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Ali Fazal gets candid about his Hollywood film Death on the Nile

The movie is based on the Agatha Christie whodunit of the same name
Ali Fazal in Death on the Nile
Ali Fazal in Death on the Nile

Priyanka Roy    |   Published 15.02.22, 04:58 AM

I am just smuggling some alcohol into my friends’ wedding,” Ali Fazal chuckled when we dialled him recently. That was on the eve of the release of Death on the Nile. That’s always been Ali, as grounded as he first started out, even when he features in one of the biggest Hollywood releases in recent times.

Death on the Nile — based on the Agatha Christie whodunit of the same name and the second in the series after 2017’s Murder on the Orient Express — has Kenneth Branagh returning, both as director and in the role of detective Hercule Poirot, alongside names like Gal Gadot, Tom Bateman, Annette Bening, Russell Brand and Letitia Wright, among others.


Ali — whose title turn in Victoria & Abdul a few years ago, with Judi Dench for company, drew attention and helped him notch some prestigious international projects — stars as Andrew Katchadourian, one of the principal players in The Death on the Nile that’s now playing in movie theatres across the world. We chatted about the film, his career here and there and his need to champion others.

An Agatha Christie thriller with a starry cast and huge on scale and story! Death on the Nile is a big one for you....

Yeah, this one is a big one. I am excited about this one. Even if people don’t like the story, they will like how we look! (Laughs)

I got to wear some good, fancy suits, I won’t complain....

But yes, I am very high on emotions for this one. Just day before yesterday night, Richa (Chadha, actor and Ali’s partner) were sitting and chatting and having dinner with Kenneth Branagh at The British Museum (in London). We were talking about art, culture, movies and writing... both Richa and I are writing stuff and so we wanted to pick his brains. And then suddenly, the next day, he had six (Oscar) nominations (for Belfast), and I am so happy for him. He leads by example, with or without nominations. Belfast is such a personal film for him and he deserves all these nominations. And our film, too, is such a special film.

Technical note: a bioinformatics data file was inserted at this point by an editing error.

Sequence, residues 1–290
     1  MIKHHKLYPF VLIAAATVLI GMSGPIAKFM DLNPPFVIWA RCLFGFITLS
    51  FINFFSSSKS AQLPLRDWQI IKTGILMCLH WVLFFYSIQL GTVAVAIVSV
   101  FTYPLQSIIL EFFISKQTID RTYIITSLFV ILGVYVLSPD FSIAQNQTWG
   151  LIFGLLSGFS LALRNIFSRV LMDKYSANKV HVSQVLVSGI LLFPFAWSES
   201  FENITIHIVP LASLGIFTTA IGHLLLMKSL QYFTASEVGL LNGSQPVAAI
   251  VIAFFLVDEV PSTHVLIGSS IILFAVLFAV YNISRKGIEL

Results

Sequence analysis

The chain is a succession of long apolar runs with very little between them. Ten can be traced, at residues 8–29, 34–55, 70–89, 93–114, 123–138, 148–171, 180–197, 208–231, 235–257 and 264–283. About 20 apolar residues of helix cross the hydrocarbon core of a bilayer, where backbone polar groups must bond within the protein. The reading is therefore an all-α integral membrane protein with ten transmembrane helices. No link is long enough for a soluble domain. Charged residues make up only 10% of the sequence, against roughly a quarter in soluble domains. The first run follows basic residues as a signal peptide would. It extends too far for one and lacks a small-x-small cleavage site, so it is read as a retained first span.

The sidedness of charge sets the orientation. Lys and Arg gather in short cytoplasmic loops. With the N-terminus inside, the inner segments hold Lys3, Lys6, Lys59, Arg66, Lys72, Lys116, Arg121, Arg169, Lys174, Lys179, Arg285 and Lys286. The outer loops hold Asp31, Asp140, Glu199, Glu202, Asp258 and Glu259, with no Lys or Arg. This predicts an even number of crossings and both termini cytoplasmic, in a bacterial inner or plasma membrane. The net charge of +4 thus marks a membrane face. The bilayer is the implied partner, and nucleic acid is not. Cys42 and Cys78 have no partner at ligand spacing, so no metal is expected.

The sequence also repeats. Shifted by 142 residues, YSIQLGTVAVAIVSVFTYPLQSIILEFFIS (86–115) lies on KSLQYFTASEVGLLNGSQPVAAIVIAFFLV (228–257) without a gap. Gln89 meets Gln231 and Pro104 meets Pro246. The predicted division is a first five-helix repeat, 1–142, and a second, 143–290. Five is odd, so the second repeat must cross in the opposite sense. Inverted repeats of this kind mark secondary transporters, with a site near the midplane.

Death on the Nile has been looking for a release date for a while now. The wait must have been killing....

It was. We waited for a while, and when it didn’t happen, we all got busy with our other projects. I switched off and went off to shoot other things, and thankfully, I had work (smiles). Vishal ji’s (Bhardwaj) film (Khufiya) started, and so did my international project Kandahar (co-starring Gerard Butler) and I have been shooting for them.

The release of Death on the Nile in theatres has been a pleasant surprise. Even till last month, we had no idea if it was going to release in theatres. I was quite upset ki yaar theatres mein nahin aayegi. So I am quite pumped about the theatrical release, and the fact that it’s releasing in shitloads of theatres worldwide. It’s probably my biggest release globally. It’s got some 3,300 theatres in America alone, some 10,000 screens in China... Europe, New Zealand, Australia... it’s releasing everywhere. I haven’t seen any film do that in a while, apart from, of course, the superhero films.

It’s big Holly, big Bolly, indie projects and digital outings here and there.... How would you describe Ali Fazal’s career at this point? Or do you want it to be a journey that defies definition?

I am very critical of myself. I think I am coming into my own somewhat, and desperately in need of a good director who can mould me further into something spectacular. I think that’s a good pitch! (Laughs)

Where I find myself in my career now, it’s not too shabby, is it? I can’t complain (laughs). I am definitely not complaining! I do fall into a dilemma once in a while because time gets divided... sometimes, I have to lose out on projects that I would have loved to work on. That’s because half my gig is in the West and the other half is here. That’s the only thing about this that puts me off... but that’s just greed of some kind, maybe (laughs).